A 100-year vision. Can anyone really see that far into the future? The Japanese Football Association (JFA) is making every effort to.
In 1992, a 100-year plan was set in motion with two simple goals: to have 100 professional clubs in Japan and to win the World Cup by 2092. Leaps and bounds have been made towards that aim since, the latest of which is the formalisation, on and off the field, of a relationship with Spain.
Spain itself only recently conquered the world in 2010, 97 years after the formation of its own football association (RFEF). The countries have more in common than you would assume.
For one, both are renowned for possession-based, technical football. This identity has been accentuated by the Spanish golden generation winning three major international tournaments in a row.
Japan’s relative abundance of playmakers, Shinji Kagawa, Keisuke Honda and Takashi Inui to name a few, is a testament to their own pursuit of a similar style, even if both national teams find themselves slightly distanced from that style at present.
Off the field, La Liga and the J.League have extended their partnership until 2023; initially penned in 2017, the purpose of which is an amalgamation of expertise. Although Spanish football has been at the pinnacle of the sport for much of this millennium, there is substantial room for improvement in the politics-plagued administration of it.
The president of La Liga, Javier Tebas, is determined to drag everything surrounding the actual product into the 21st century, learning from the Japanese and their expert offering for a product which is nowhere near the same level of quality. These are crucial assets in competing with the bulging presence of the Premier League.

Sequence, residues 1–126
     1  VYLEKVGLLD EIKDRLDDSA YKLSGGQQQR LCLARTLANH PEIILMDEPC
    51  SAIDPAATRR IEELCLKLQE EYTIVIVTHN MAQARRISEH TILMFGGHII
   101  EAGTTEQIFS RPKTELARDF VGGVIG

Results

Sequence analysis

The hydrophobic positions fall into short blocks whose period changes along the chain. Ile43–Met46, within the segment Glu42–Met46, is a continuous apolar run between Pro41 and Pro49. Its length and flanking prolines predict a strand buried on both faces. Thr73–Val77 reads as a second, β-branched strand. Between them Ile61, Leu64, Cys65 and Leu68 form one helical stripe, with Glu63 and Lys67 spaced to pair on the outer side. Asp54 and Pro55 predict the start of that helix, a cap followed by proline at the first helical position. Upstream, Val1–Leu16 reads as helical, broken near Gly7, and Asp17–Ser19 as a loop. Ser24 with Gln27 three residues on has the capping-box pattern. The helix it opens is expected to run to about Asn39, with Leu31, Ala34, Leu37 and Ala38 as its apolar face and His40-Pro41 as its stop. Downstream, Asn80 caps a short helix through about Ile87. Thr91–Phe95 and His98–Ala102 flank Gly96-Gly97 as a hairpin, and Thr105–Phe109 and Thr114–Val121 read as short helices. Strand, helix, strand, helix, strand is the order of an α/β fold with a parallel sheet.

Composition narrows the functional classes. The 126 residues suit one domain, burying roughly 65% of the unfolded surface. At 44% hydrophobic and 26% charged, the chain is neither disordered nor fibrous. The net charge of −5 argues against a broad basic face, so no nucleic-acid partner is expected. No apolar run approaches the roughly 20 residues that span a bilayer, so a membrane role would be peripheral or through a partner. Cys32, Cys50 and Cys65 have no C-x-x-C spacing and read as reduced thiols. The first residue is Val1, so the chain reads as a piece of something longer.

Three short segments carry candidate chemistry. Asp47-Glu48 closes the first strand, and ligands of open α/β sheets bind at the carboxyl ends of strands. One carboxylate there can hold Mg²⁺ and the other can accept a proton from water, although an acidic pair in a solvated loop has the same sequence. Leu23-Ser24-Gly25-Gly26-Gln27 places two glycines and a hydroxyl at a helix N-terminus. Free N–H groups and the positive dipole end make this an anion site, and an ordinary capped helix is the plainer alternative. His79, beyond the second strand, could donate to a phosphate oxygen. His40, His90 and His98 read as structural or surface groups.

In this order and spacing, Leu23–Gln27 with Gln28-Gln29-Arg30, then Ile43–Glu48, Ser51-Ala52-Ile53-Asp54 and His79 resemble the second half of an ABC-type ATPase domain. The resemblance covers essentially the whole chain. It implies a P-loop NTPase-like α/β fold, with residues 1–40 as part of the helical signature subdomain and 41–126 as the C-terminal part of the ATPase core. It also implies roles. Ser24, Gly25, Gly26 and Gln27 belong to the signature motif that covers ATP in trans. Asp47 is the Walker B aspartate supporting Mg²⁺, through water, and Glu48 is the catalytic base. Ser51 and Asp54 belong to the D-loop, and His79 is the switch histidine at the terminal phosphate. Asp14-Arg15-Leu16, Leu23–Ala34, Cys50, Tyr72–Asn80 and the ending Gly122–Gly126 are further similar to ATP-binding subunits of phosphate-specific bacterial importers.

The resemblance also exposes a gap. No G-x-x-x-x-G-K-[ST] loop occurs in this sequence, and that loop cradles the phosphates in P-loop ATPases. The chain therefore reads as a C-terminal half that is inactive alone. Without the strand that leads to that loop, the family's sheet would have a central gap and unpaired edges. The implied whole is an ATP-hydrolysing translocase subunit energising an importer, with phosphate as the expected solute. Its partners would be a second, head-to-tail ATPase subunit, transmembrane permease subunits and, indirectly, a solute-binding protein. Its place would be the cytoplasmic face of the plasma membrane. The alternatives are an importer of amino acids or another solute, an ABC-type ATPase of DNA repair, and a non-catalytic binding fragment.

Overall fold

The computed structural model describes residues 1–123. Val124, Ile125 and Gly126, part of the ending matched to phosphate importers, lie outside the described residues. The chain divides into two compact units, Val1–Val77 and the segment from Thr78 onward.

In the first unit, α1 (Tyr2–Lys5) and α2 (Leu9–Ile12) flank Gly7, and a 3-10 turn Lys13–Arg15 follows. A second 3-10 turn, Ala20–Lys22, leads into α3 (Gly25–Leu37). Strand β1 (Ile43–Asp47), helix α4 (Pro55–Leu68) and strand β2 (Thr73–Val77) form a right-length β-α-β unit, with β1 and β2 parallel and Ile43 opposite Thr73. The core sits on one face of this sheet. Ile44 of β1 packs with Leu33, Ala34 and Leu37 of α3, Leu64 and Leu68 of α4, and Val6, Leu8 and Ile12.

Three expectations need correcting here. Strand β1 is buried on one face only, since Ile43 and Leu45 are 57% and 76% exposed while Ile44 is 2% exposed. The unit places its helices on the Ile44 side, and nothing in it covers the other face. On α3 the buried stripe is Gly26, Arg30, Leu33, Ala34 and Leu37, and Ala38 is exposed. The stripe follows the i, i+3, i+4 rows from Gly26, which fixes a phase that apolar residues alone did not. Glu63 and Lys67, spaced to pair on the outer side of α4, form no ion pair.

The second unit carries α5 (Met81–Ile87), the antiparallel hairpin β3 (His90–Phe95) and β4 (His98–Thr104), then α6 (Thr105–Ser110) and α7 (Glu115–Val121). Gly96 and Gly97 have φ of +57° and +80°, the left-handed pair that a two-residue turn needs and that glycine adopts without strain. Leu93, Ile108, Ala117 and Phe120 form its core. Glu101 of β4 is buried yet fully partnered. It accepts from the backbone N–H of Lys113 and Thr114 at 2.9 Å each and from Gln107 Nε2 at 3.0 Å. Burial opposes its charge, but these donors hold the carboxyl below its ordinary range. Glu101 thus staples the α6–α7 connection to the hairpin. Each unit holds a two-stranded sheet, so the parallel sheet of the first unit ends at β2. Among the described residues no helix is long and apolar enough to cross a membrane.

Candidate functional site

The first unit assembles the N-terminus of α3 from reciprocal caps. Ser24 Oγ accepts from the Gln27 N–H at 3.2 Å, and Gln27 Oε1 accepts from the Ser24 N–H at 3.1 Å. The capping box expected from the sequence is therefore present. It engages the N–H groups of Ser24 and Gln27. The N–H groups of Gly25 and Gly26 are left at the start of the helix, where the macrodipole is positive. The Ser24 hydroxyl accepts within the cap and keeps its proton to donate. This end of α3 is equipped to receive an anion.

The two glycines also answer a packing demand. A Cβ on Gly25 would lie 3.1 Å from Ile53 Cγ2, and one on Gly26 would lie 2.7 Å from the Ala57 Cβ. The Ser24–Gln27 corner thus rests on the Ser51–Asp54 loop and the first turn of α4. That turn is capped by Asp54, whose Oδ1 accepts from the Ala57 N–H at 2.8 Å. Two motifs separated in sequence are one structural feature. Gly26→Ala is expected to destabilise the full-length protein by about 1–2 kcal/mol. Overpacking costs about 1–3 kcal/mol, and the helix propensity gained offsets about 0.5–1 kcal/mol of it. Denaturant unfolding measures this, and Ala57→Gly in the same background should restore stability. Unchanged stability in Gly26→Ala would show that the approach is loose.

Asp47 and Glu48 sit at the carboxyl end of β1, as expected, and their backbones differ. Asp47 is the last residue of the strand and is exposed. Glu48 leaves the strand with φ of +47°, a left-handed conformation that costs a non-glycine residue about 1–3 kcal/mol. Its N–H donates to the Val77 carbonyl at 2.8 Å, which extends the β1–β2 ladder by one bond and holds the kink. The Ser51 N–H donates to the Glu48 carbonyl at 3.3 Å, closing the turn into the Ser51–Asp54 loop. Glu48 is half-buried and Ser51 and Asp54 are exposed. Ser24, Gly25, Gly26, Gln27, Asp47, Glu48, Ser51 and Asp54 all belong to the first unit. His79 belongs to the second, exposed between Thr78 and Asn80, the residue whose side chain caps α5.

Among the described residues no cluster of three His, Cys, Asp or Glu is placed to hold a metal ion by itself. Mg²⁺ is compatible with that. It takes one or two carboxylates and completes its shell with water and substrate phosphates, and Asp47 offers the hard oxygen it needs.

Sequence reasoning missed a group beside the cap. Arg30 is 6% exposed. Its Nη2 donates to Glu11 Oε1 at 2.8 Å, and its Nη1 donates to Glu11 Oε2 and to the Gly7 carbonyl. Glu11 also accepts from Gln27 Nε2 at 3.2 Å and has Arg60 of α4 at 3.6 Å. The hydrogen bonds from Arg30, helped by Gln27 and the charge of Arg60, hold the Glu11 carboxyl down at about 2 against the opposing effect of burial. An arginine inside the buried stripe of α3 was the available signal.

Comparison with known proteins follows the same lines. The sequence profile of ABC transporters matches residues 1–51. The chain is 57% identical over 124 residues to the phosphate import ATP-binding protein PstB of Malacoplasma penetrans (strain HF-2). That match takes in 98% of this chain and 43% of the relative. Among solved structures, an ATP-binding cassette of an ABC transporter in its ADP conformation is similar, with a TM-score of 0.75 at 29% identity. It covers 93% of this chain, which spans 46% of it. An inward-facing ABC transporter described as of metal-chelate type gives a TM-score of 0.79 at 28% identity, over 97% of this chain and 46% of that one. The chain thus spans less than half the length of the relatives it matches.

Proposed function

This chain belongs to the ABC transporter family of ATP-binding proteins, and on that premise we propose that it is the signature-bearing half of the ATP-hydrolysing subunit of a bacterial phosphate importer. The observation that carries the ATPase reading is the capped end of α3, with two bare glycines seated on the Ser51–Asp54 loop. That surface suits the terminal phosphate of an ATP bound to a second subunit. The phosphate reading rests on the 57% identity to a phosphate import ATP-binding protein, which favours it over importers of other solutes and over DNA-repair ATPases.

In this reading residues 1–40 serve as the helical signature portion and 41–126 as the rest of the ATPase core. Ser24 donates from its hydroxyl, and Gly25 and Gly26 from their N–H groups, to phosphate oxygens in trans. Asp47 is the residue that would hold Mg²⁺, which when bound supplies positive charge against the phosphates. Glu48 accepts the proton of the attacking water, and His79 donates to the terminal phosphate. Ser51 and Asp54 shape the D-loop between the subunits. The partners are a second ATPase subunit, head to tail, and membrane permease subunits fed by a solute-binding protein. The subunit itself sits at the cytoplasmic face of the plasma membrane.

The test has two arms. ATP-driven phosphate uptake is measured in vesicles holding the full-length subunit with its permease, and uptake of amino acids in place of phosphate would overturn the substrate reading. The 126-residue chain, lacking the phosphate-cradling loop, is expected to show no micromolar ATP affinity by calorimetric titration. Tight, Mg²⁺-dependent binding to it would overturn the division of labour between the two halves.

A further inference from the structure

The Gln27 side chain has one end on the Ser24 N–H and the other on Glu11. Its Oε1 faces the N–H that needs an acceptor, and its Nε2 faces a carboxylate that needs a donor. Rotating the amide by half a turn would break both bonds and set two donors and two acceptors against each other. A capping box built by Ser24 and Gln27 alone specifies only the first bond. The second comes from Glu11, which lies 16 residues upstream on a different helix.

This is one of several Japanese-Iberian deals in place, none more notable than E-commerce company Rakuten’s sponsorship of FC Barcelona in a mouth-watering shirt deal, which initially earned the Catalan club a minimum of £188m over four years.
Since 2009, Barcelona have opened four football academies across Japan and as of last year had 1,200 children being taught there. Add in a partnership with Japanese side Vissel Kobe (incidentally owned by Rakuten) and it’s evident that Barcelona have also sought to root themselves in Japan. Atlético Madrid, Real Madrid and Espanyol have followed with similar academy projects.
Who better to learn from than Andrés Iniesta, Fernando Torres and David Villa? Three superstars who defined an era of football, internationally and at club level, all joined the J.League between 2018 and 2019. Only Iniesta is left after the latter two retired, but their presence was merely the headline act in a concerted attempt to incorporate, if not emulate, the style which made Barcelona and Spain so successful.